Washington State Community College (WSCC) is part of a national publication praising its progress in improving student success called Guided Pathways.
As a result of the changes implemented with this initiative, the college has seen improvements in a variety of areas, including the number of certificates and diplomas awarded, increased course completion rates, and better retention from fall to spring.
The Community College Research Center (CCRC) recently published their paper, “Funding for Guided Pathway Reforms in Small Colleges: Three Ohio Community Colleges Show How to Do It.”
The article, written by authors Davis Jenkins, Serena Klempin, and Hana Lahr, describes how small colleges can fund and support Guided Pathways reforms. WSCC, along with Zane State and North Central State colleges were used as case studies. All three institutions have seen student success improve significantly with the implementation of Guided Pathways.
WSCC President Dr. Vicky Wood said the work on Guided Pathways implemented at the WSCC was inspired by the book Redesigning America’s Community Colleges, which was co-authored by Jenkins, one of authors of the CPAB article.
“This book has spurred a movement in community colleges that will forever be part of the fiber of higher education,” explained Wood. She goes on to credit the authors for “actively leading and influencing the higher education landscape.
“Wood said the case studies in the book featured large institutions and many smaller colleges were inspired by the concept but wondered how it could be applied with limited funding. Undaunted to adapt the program to the needs of the WSCC, Wood described how the college divided the concepts of change into three phases and implemented its plan over the past four years.
“The work we did was a complete overhaul of the student experience, from a student’s first contact with the college to graduation/certificate, and it impacted every facet of the college “, says Wood. Among the initial successes, Wood shared that overall certificate completion improved by more than 11% and graduation increased by more than 9%. She added that the college saw a 17% increase in new students earning at least 24 college credits in their freshman year, and persistence from fall to spring jumped 9%.
“These improved numbers are a direct result of our work on guided routes. We provide our students with holistic support, which means we support them both in and out of the classroom,” Wood explained. During the first phase, the college redesigned its Center for Student Success (CSS). This process began with relocating all of its student support services to one location to make it easier for students to access services to help them overcome barriers. A multitude of obstacles often cause students to drop out.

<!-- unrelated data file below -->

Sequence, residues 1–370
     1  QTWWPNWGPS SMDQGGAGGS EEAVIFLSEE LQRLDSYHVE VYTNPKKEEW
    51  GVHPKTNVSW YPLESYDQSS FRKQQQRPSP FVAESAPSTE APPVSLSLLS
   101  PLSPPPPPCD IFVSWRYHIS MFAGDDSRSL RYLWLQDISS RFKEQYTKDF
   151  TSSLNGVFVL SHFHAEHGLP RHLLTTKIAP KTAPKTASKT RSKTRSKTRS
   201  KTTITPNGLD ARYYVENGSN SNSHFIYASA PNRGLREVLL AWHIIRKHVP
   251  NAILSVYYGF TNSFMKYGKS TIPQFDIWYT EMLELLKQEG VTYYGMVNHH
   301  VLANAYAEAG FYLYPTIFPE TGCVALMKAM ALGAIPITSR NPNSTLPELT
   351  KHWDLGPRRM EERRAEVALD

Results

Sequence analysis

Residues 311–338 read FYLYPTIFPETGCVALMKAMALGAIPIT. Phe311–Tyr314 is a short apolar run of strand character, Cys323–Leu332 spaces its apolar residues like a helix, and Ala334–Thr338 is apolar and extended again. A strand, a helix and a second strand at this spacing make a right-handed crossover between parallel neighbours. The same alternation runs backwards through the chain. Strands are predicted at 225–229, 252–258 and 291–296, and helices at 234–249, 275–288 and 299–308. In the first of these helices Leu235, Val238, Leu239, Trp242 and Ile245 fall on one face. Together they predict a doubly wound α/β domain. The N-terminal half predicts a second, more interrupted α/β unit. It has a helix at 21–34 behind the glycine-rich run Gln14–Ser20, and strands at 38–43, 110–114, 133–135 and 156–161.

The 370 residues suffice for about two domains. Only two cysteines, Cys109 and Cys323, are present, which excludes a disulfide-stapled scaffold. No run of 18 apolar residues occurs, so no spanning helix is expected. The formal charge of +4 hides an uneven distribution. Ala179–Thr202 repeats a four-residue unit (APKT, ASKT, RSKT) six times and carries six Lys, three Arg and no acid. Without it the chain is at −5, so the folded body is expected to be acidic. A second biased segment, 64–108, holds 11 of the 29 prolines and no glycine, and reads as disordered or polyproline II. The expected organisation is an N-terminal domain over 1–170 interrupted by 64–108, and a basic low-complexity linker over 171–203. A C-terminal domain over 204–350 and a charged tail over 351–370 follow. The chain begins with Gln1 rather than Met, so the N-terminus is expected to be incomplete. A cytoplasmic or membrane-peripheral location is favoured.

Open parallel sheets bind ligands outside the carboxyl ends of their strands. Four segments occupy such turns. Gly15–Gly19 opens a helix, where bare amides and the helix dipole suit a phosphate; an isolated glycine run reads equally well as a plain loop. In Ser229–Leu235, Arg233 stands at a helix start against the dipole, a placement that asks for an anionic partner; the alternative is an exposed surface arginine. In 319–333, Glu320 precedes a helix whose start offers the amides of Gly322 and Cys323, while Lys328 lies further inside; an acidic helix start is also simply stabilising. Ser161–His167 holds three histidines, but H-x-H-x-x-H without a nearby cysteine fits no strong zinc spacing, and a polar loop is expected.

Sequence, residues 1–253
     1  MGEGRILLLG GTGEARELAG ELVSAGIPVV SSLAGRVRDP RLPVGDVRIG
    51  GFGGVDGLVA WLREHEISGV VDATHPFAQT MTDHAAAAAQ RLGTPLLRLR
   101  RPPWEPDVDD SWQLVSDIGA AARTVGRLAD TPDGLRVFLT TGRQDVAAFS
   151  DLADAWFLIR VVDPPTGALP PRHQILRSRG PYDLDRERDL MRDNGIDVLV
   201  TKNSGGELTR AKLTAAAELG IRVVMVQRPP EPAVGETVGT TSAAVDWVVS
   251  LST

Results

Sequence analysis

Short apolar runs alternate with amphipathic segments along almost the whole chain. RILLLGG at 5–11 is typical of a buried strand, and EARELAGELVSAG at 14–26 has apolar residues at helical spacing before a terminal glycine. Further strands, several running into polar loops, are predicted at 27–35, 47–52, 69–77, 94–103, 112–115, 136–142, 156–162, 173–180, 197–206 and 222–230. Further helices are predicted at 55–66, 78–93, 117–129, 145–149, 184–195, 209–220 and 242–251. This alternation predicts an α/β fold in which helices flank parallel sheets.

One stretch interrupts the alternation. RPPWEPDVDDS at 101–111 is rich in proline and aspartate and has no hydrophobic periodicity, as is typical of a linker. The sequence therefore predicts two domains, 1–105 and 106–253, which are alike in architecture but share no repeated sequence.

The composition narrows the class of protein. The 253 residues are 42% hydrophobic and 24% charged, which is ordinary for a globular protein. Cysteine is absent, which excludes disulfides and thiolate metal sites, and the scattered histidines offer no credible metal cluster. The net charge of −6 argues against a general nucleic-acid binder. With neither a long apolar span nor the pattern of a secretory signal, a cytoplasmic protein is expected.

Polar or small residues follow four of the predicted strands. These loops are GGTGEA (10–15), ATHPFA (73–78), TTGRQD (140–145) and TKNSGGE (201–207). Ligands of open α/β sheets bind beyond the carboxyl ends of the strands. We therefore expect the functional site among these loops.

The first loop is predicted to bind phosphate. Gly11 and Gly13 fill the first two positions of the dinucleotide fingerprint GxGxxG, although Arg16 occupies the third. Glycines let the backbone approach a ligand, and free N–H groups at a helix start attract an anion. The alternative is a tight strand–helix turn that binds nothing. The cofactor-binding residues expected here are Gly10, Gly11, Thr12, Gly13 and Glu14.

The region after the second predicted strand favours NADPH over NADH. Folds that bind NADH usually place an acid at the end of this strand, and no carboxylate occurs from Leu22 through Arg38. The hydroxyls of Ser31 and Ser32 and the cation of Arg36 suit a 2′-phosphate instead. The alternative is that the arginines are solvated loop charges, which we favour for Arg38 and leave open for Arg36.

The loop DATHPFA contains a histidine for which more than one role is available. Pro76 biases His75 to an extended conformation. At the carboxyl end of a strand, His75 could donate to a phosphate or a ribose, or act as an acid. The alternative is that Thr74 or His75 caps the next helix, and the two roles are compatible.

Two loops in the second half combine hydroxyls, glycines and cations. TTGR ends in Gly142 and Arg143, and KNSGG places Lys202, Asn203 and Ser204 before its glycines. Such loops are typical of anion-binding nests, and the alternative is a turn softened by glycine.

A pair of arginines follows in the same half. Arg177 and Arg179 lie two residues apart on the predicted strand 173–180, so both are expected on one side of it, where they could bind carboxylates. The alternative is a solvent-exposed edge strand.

The college has also dedicated more resources to student support services, including tutoring, transfer assistance, mentorship, pantry and mental health counselling. In phase two, the college created the Student OneStop where admissions, College Credit Plus (CCP), financial aid, records, and business office functions were centralized. This was done to personalize assistance during the initial login and registration entry phase. The personalized approach was designed to help take the stress out of the registration process.
The college also began offering advice for financial planning as well as assistance in completing the FAFSA (Free Application for Federal Student Aid). During the third phase, the college updated its curriculum delivery models to better accommodate the busy lifestyles of students.
The majority of classes have moved from 16 weeks to an 8 week delivery model. Career paths have also been strengthened by including stackable degrees and certificates allowing students to learn job-leading skills while earning an associate’s degree. In addition, short-term training has been added to help incumbent and displaced workers update their skills and earn industry-recognized credentials. Wood acknowledged the far-reaching changes that have been made by the college and credits the successful implementation of guided pathways to its faculty and staff.
“Redesigning the student experience was a huge undertaking that was only possible because our faculty and staff fully embraced the vision. They have been instrumental in implementing the changes and maintaining our momentum,” praises Wood. She said she believes the publication will serve to support and inspire other small community colleges across the country to embrace the Guided Pathways initiative.